Getting to Know the Climate and Seasons of the Great Barrier Reef

As one of Australia’s most beloved landmarks, the Great Barrier Reef draws in millions of visitors every year from all over the world. If you’re one of these visitors, you might be wondering when the best time to visit this natural wonder is.

Because the Reef boasts a tropical climate, you’ll find that it’s relatively warm throughout the year – most corals can’t survive in waters below 18 degrees Celsius. In summer, the region boasts temperatures between 24 and 33 degrees Celsius, while winter temperatures can drop to between 14 and 26 degrees.

The important thing to note is that, because it’s a wet tropic climate, the Great Barrier Reef only sees two seasons each year, the Green season and the Dry season.

The Green Season

The Green season takes place during the summer months and tends to begin in November and stretch through to March. During this time, the reef experiences monsoonal rains – between 75% and 90% of the region’s rainfall takes place during this time.

Bear in mind that the region as a whole sees 300 days of sunshine a year, so even though you might be travelling in the Green season, it will still be warm and you’ll still need to take precautions to avoid sun burn and damage.

During the Green season, the native box jellyfish come out to play in the waters just off the coast. They tend to stick around from October until May, so look out for netted areas on the beach to swim in or ask about the local conditions before you get in the water unattended.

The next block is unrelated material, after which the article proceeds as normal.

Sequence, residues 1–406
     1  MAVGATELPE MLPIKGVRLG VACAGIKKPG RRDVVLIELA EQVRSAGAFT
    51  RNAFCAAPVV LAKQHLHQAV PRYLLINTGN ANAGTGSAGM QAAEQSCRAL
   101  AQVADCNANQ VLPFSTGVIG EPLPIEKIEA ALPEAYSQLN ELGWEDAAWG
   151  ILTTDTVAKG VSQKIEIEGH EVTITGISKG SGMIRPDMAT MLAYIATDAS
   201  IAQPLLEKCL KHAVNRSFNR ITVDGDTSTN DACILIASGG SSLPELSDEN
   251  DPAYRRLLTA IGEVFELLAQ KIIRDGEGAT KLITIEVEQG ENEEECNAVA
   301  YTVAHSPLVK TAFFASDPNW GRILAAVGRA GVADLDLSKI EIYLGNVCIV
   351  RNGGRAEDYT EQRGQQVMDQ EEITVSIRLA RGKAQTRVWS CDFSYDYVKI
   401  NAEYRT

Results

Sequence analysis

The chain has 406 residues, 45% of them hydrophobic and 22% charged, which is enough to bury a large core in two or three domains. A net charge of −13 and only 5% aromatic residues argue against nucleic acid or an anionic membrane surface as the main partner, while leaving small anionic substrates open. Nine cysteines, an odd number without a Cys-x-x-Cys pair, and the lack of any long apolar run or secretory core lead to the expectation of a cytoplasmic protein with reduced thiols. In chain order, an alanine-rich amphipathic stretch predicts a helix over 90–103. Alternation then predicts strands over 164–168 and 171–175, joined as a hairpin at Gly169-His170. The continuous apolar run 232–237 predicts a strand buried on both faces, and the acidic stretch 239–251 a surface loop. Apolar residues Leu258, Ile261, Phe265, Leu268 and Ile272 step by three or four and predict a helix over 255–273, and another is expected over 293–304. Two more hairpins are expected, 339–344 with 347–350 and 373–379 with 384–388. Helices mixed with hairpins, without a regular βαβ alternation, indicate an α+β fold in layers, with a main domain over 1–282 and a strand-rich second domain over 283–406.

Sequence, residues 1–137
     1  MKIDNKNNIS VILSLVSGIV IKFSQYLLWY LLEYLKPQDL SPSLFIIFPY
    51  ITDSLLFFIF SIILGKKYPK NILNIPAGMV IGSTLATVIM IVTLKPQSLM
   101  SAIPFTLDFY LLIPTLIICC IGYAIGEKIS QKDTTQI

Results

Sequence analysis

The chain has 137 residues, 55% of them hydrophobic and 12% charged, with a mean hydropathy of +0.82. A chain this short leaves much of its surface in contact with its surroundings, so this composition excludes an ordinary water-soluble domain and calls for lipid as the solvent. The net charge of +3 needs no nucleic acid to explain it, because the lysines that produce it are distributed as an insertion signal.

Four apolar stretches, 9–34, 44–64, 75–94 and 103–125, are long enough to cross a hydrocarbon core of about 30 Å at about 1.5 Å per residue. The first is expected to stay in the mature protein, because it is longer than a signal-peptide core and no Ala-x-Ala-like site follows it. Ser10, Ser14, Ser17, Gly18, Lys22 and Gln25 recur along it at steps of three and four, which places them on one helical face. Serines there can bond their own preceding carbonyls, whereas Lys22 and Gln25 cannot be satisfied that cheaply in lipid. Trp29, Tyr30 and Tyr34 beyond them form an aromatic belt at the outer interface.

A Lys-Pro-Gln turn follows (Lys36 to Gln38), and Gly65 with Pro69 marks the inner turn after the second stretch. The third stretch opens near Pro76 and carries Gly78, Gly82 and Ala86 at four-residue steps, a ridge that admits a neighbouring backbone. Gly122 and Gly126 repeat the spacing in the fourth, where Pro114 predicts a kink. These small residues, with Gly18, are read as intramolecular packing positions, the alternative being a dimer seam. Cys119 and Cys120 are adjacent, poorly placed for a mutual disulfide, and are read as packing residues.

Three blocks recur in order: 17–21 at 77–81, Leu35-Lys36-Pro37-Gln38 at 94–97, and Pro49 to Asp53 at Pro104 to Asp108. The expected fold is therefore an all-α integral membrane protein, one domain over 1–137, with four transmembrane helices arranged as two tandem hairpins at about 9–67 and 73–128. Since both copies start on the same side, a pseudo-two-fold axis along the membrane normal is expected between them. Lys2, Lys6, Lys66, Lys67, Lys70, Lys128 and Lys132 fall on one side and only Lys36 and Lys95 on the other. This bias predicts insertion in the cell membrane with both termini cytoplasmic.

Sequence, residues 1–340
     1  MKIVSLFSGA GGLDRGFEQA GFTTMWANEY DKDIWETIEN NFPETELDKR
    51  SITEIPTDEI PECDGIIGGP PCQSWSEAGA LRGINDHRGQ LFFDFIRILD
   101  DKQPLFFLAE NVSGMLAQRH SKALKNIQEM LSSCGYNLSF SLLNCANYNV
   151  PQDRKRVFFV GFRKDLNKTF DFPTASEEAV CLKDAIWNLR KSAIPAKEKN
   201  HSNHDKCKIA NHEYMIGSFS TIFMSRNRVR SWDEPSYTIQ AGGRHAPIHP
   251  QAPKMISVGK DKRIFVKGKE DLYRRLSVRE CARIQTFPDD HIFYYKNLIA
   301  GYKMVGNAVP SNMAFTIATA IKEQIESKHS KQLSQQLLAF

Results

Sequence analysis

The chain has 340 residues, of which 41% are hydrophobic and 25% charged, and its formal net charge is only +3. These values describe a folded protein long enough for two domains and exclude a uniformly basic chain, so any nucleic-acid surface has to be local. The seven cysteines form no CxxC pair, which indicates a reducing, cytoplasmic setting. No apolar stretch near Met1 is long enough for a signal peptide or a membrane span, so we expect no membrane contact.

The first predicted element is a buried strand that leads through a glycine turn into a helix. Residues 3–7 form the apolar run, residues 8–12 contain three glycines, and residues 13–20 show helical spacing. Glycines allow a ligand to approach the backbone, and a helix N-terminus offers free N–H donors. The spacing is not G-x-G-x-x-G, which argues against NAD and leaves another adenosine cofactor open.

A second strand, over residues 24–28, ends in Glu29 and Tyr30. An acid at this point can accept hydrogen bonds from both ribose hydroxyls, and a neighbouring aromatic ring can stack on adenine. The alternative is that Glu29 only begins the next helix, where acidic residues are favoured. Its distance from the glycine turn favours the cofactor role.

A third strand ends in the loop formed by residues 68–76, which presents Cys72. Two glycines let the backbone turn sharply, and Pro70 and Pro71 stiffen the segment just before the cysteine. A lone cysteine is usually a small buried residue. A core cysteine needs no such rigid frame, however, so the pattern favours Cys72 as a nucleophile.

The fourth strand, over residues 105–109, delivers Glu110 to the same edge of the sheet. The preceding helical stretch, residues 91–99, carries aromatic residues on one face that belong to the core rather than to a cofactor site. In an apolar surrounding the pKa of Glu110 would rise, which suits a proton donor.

The Dry Season

The Dry season takes place during Australia’s winter months – between May and October. At this time, you can expect plenty of sunshine, low humidity levels, and cool breezes that sweep along the coast.

This is the most popular time to swim in the region, when the water is pleasant and the box jellyfish aren’t around. You can expect the water to be a warm 23 degrees in the Dry season – perfect for taking a leisurely dip and exploring the local scenery.

Remember, though, that the Great Barrier Reef is huge, and the different points along its length bring different climates and weather conditions to visitors at different points throughout the year. The further north you go, you’ll see less variation in temperature throughout the year, for example. Be sure to check the weather forecast and climate conditions at the time of your visit.